Wednesday, February 25, 2009

Crazy English - Part 2...

Today's post is dedicated to Carol Dean Sharpe, a former English Teacher/Wrter/Editor turned "artsy person" - Check out her blog here: http://sandfibers.blogspot.com/
But not until after you read my post and leave a comment:-}
Enjoy:

1) The bandage was wound around the wound.

2) The farm was used to produce produce .

3) The dump was so full that it had to refuse more refuse .

4) We must polish the Polish furniture.

5) He could lead if he would get the lead out.

6) The soldier decided to desert his dessert in the desert.

7) Since there is no time like the present , he thought it was time to present the present .

8) A bass was painted on the head of the bass drum.

9) When shot at, the dove dove into the bushes.

10) I did not object to the object.

11) The insurance was invalid for the invalid.

12) There was a row among the oarsmen about how to row ..

13) They were too close to the door to close it.

14) The buck does funny things when the does are present.

15) A seamstress and a sewer fell down into a sewer line.

16) To help with planting, the farmer taught his sow to sow.

17) The wind was too strong to wind the sail.

18) Upon seeing the tear in the painting I shed a tear.

19) I had to subject the subject to a series of tests.

20) How can I intimate this to my most intimate friend?

These few sentences illustrate how difficult it must be for folks who are trying to learn English as a second language (and for many of us who claim that it is our FIRST language :-)
I hope you have enjoyed these - I'll post "Part 3" after another "Artistic Interlude" :-}
Have a Great Day!
Seeya,
OregonArtGuy

10 comments:

Footsteps said...

It's a wonder we write at all! We have so many strange verb/noun twists to contend with...

OregonArtGuy said...

Hi Heather - it's definitely pretty crazy! I'l have some more Friday :-}
Bill

Cris, Artist in Oregon said...

What is even weirder with our language is how we can translate in an instant which way to say the word just by reading the sentence.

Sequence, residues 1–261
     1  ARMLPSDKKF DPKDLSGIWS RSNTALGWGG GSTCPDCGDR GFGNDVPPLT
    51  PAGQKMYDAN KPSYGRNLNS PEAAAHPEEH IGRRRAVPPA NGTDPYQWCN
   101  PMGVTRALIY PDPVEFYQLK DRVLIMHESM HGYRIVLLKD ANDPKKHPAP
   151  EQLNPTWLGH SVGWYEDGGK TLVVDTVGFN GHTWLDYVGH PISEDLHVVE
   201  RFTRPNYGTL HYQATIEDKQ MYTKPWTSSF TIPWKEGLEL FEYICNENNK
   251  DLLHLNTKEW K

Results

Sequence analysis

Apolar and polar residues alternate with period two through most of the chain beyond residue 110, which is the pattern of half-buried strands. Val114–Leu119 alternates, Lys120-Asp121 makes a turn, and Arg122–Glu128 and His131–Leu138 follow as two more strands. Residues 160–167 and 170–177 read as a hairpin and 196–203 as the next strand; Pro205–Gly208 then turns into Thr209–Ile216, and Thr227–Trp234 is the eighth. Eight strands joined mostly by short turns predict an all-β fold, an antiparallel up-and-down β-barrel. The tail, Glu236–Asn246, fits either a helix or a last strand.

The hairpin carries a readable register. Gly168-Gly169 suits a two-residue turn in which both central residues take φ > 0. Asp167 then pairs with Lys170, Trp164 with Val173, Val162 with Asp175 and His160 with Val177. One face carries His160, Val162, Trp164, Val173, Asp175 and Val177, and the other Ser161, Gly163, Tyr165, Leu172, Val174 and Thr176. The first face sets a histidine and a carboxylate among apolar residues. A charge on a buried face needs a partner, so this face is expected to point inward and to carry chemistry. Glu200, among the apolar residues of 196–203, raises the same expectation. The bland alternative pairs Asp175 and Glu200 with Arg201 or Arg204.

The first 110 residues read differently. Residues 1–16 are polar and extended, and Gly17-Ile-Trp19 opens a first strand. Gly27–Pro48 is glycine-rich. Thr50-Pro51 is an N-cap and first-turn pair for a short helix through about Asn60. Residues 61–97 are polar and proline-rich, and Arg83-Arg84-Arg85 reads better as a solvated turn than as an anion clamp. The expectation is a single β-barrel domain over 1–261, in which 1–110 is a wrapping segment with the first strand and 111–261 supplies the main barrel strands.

Well most times. :)

OregonArtGuy said...

Hi Cris - so what does that make us - really smart, or really, well... you know :-}
Bill

Artist Unplugged said...

These are very fun.....probably really hard for someone learning our language. To add to the confusion is those words that sound alike but are spelled differently. It is so right that you like to write!

Lynda Lehmann said...

I've always marveled at the inconsistencies of our language, and you've given us some good examples. No wonder we have difficulty communicating, lol...

Living together in peace is even harder. :(

Congrats on being featured at SlogBite!

OregonArtGuy said...

Unplugged - Hi Teresa - Thanks for dropping by and your comment. I do read a lot and pride myself on being well read - oops, boy is my face red! :-}
Bill

OregonArtGuy said...

Hi Lynda - thanks for your comment. It always amazes me that the English language is just so crazy! I'll have some more in a couple days :-}
Bill

Carol Dean said...

Thanks for the plug, Bill ;D I grew up bilingual: German and American English. What a treat that was! In German, things are pronounced the way the are written, not so with my mother tongue. I still have problems with words that derive from the Greek or Latin and want to pronounce them the way a German would. ha! (And they paid me to teach this stuff?)

OregonArtGuy said...

Hi Carol - my pleasure - I have a few more to post in a couple days. I sure don't know how on earth you were able to keep pronunciations straight, with all those languages floating around in your head! :-}
Bill